my employees’ juice cleanses are getting in the way of their work — Ask a Manager


A reader writes:

I manage a team of five. (For context, we are all women and on friendly terms, and some of the women have closer friendships.)

One of my staff, Hester, does some variation of a week-long juice cleanse or other liquid diet about once per year, and has for the four years she has been on my team. During that week each time, she arrives late or leaves early for three to four days due to headache, dizziness, or generally feeling crummy. She has not so far acknowledged the pattern in her absences, so maybe is not even aware of it?

Hester is a highly reliable employee the rest of the year and rarely gets sick. It’s not a terribly busy time of year, and she finishes all required tasks in that week during her cleanse. As a result, I’ve never raised the issue, figuring “her body, her choice” as long as she gets the work done and/or notifies me that she will be using sick leave and need someone to help out on a project.

This month, however, she wrangled another on my team (Pearl) to join the cleanse, too. I’m writing this on Thursday, and since Monday, one or both of them have arrived late or left early every day due to some variant of feeling crummy. Pearl is less reliable and efficient than Hester, causing a slight backlog of tasks this week. They are trying to convince someone on the next team over that she should participate.

I worry about next year having multiple staff feeling poorly, at the same time, and intentionally. This seems different to me than when a nasty cold hits several people in the office over the course of 2 weeks—this is planned and synchronized.

I absolutely do not want to become the sick-leave police. But I also feel like these employees are not coming to work prepared to do their jobs, for several days in a row. Is there a reasonable way to approach this? Or do I suck it up the one week it happens?

I think you’ve been right to leave Hester alone about it before now — she’s a good employee who has one off week a year and still gets all her work done during that time. It makes sense to cut her some slack.

But I also think you’re right to worry now that others are joining her, especially since it’s caused a work backlog and especially because it sounds like they might expand it to still more people.

Still, though, people are allowed to do things outside of work that might impact them during the workday — whether it’s staying up too late reading, or having a fight with their spouse that disrupts their sleep, or coming in with sore arms from overdoing it at the gym. As an employer, you message shouldn’t be “don’t do activity X outside of work.” And in general, you want to assume that you’re managing humans who will have things in their lives (even self-inflicted things) that sometimes affect how they’re showing up to work.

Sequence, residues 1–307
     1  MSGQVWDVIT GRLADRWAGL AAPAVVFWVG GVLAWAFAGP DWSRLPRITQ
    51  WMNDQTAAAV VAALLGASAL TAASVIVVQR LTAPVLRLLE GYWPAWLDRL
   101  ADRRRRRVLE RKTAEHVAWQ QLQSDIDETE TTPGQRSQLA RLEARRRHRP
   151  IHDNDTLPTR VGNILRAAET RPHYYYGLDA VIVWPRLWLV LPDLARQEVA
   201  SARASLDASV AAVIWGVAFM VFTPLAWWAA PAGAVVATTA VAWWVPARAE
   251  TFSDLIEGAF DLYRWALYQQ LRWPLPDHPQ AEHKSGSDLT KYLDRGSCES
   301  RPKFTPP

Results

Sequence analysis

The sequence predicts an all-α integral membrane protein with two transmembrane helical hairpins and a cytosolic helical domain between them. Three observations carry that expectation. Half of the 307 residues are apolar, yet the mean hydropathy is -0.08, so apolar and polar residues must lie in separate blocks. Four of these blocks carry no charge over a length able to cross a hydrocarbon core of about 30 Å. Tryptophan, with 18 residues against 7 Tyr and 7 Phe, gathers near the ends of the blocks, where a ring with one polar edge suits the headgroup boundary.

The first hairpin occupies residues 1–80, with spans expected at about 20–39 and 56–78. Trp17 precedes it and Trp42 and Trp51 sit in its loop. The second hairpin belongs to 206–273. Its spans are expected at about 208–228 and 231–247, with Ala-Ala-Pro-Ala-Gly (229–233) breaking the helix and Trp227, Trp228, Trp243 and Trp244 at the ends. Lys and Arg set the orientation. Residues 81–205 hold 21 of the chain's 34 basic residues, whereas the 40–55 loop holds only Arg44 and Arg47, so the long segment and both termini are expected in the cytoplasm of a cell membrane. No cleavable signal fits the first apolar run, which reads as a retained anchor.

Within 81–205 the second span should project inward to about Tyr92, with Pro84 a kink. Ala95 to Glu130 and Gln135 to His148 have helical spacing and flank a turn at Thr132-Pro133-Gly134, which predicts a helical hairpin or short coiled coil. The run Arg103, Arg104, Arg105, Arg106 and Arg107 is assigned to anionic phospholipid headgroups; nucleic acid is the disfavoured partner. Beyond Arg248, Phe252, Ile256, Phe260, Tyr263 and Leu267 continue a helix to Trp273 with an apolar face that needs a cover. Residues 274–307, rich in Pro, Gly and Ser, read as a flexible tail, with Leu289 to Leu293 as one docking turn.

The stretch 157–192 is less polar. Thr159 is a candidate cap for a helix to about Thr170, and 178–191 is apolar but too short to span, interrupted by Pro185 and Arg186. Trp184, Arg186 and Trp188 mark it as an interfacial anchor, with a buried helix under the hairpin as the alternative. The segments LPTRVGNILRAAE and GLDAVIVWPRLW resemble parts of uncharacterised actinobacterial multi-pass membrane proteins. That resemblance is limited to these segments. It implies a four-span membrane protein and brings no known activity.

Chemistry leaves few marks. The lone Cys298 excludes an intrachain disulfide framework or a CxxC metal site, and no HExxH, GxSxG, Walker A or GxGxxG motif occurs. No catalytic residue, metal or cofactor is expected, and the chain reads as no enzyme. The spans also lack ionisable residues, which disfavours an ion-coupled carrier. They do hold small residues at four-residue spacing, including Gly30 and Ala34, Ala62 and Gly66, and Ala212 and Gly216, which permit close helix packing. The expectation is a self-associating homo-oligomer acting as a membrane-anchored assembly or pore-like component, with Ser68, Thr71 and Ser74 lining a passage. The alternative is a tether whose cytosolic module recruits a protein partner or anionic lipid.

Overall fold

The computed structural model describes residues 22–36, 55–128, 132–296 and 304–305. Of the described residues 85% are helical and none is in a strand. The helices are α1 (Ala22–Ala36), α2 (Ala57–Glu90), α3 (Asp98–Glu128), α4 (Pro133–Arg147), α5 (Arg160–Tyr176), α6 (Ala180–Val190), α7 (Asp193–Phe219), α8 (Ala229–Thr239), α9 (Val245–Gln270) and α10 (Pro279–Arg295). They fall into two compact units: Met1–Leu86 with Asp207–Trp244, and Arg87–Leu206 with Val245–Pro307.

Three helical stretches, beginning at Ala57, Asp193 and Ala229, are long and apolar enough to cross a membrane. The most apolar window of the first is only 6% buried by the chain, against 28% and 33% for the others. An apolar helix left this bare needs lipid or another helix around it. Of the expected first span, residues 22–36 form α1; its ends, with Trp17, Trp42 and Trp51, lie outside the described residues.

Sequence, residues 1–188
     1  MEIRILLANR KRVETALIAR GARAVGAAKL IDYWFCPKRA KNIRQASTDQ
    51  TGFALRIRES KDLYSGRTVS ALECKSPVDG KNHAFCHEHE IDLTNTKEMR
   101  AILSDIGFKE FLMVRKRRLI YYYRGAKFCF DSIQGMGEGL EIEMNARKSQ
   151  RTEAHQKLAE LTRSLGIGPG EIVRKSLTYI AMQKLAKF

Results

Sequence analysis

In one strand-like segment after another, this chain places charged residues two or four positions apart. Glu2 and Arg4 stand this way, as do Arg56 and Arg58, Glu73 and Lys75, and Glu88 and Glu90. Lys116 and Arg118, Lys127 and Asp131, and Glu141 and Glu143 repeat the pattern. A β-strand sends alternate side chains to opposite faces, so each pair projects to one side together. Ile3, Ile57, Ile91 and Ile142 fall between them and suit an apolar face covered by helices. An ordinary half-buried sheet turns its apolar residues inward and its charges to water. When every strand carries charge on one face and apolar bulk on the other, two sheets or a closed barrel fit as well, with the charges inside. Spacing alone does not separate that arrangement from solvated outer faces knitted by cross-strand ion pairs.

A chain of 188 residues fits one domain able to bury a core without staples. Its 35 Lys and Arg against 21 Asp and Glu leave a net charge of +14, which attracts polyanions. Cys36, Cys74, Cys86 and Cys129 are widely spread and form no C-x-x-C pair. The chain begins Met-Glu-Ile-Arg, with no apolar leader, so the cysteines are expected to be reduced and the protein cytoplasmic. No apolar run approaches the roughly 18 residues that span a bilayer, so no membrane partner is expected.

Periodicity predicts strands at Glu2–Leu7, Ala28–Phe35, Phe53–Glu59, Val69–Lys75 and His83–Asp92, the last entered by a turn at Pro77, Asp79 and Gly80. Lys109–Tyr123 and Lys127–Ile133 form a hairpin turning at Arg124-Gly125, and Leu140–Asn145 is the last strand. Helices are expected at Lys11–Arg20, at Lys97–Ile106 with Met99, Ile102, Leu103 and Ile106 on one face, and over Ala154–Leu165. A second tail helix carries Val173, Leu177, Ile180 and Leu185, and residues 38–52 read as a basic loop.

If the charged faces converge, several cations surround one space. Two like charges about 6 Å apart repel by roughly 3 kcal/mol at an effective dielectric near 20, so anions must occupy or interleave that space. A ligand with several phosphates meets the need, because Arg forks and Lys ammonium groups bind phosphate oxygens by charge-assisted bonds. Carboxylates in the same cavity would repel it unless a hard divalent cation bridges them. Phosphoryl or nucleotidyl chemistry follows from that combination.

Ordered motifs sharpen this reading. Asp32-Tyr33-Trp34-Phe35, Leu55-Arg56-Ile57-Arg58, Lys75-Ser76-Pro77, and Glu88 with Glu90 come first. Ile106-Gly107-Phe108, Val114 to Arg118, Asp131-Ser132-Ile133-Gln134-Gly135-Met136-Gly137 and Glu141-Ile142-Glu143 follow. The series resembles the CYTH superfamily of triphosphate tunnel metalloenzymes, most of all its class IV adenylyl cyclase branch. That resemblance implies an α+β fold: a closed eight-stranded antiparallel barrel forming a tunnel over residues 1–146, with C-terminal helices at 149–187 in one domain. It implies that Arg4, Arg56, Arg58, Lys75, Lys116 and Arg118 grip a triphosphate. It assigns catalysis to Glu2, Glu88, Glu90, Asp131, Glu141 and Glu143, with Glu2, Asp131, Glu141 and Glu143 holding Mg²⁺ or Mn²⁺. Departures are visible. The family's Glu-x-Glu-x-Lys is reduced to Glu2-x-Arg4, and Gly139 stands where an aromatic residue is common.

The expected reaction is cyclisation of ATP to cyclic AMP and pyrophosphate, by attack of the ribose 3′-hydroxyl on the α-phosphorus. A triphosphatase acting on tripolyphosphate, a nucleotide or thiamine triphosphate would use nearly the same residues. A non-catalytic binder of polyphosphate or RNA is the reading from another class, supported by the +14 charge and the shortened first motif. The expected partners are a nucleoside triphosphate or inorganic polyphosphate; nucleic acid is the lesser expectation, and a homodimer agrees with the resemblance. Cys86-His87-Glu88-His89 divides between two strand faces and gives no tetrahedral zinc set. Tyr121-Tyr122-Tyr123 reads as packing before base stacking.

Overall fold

But if you’re seeing problems in someone’s work, you can flag those problems and say that need them to get back on track. And you can cut less slack / address things more quickly with someone who already wasn’t working at a high level.

In the case of Pearl, you could say, “You’ve come in late or left early several days this week and your work is backlogged. If you decide to do a cleanse again, I’d need you to do it in a way where you still stay on top of your work.”

(There’s potentially an argument for saying this without tying it to the cleanse at all … but I don’t think you have to pretend that there’s not an obvious cause-and-effect in play. You could say the same thing if it was “if you choose to run a marathon again” or “if you choose to fly to out-of-town music festivals every weekend”).

I also played around with the idea of whether you could say something to Hester like, “You’re a good employee, and so it’s been fine with me that you have a week a year where you’re not at 100% while you do the cleanse. But with other people joining you in it, there’s more of an impact on our workflow. We ended up having a backlog this week, and I suspect the impact would increase if additional people join in the future. I’ll of course talk with people individually about any issues it causes to their work, but I wanted to give you some context on why this has never concerned me before, but would concern me more if it starts having a bigger impact on the team.”

But I actually don’t think you should say that. Hester’s work is fine, and your concerns aren’t actually about her. I’d stick with just talking with anyone whose work actually suffers.



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